After returning to the classroom, printing out our images, and sharing the idea, I think we all felt the implementation of our App was a little weak.  However, the general idea of getting people to engage with their surroundings in a new way is a theme I really love, and a theme that I believe has a lot of power.

In my 5 minutes outside, I engaged with the area surrounding our building in a totally new way.  The small details seemed to pop out the most, then the textures and patterns.  It felt like my mind was moving quickly, soaking in the bits all around me.

It’s interesting that this kind of activity can so quickly make you look around through a different lens.  Knowing that this is something you can so easily turn on is quite powerful – I’ll be trying it more often…  and you should too!  Pick a theme, go outside for 5 min and take a few pictures surrounding that theme.  Let me know how it goes!

The Focal Point of Technological Innovations

“The drive toward complex technical achievement offers a clue to why the U.S. is good at space gadgetry and bad at slum problems.  ~John Kenneth Galbraith”

The world as we see today has different layers in terms of technological acceptance and usage. While it is clear that technology seems to be ubiquitous in our everyday life and interactions with the society, it is still unclear how to judge the global impact that it has created. Today, when I stand (literally) in the world and look around me, I see buildings, airplanes, radio towers, automobiles, fancy gadgets, robots, highways, and several other “magical” things that have been possible by rapidly evolving technological advances. On the same breath, when I shift my stance to move to an area in Kiberia (a slum in Nairobi, Kenya) or Dharavi (largest slum in India – Mumbai), I don’t see the same technological wonders anymore. What I see is a desperate reach that current day technology is trying to make and yet falling short. On one side, I see a fully mature city absorbed in the comforts offered by the modern technology which is trying to establish itself as the face of this place, where as on the other side, there is a cry for help where the current technology is insufficient to solve fundamental problems.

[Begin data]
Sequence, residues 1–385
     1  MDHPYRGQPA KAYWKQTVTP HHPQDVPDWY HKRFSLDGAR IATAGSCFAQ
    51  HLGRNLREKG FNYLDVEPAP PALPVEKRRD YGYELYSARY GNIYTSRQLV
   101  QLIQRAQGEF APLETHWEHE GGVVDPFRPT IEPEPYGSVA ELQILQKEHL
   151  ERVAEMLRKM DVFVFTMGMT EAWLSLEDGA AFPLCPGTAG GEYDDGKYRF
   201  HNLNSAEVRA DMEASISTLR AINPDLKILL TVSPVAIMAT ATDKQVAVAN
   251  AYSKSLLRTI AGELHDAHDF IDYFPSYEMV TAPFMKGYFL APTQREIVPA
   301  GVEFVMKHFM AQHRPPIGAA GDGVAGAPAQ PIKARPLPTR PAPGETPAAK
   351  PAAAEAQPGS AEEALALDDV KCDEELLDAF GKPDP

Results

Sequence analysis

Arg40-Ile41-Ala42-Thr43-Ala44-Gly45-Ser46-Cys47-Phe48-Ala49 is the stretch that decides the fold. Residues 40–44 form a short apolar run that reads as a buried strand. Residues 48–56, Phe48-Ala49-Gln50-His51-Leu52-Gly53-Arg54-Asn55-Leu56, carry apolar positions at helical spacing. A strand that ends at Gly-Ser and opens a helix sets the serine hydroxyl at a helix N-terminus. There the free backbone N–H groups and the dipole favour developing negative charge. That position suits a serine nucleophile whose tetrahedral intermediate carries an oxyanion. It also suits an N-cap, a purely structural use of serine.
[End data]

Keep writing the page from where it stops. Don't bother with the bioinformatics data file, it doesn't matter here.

Figure 1, illustrates a conceptual thought of how technology spreads across the world. If we consider any focal point where any new technology is innovated, its growth or spread can be visualized as a cloud that engulfs over increasing number of adopters. The pace at which the cloud grows mostly determines how well the technology has been adopted across the world. Growing this cloud effectively is a significant challenge for most businesses that hope to leverage the technological innovation on the basis of which their business is built upon. One method in which the cloud can be expanded is by the use of information and power. By power, I am referring to the ability of a company, organization or a government to wield financial or a massive infrastructure muscle to expand the technology adoption cloud to new areas. As the cloud starts expanding, there is an upper bound beyond which it cannot be expanded. In other words, organizations lose a big chunk of market due to this cutoff. Why is this? What causes this cutoff and puts a stop to the technology adoption?

Normally, when a technology is in initial stages of adoption, information could be a big tool to accelerate its adoption. Information about how the technology can impact and enrich the lives of people could be broadcasted to create awareness about the technology itself, which in turn could significantly increase the adoption. This “spreading of information” could be done through several mediums like advertising, word-of-mouth, marketing, etc.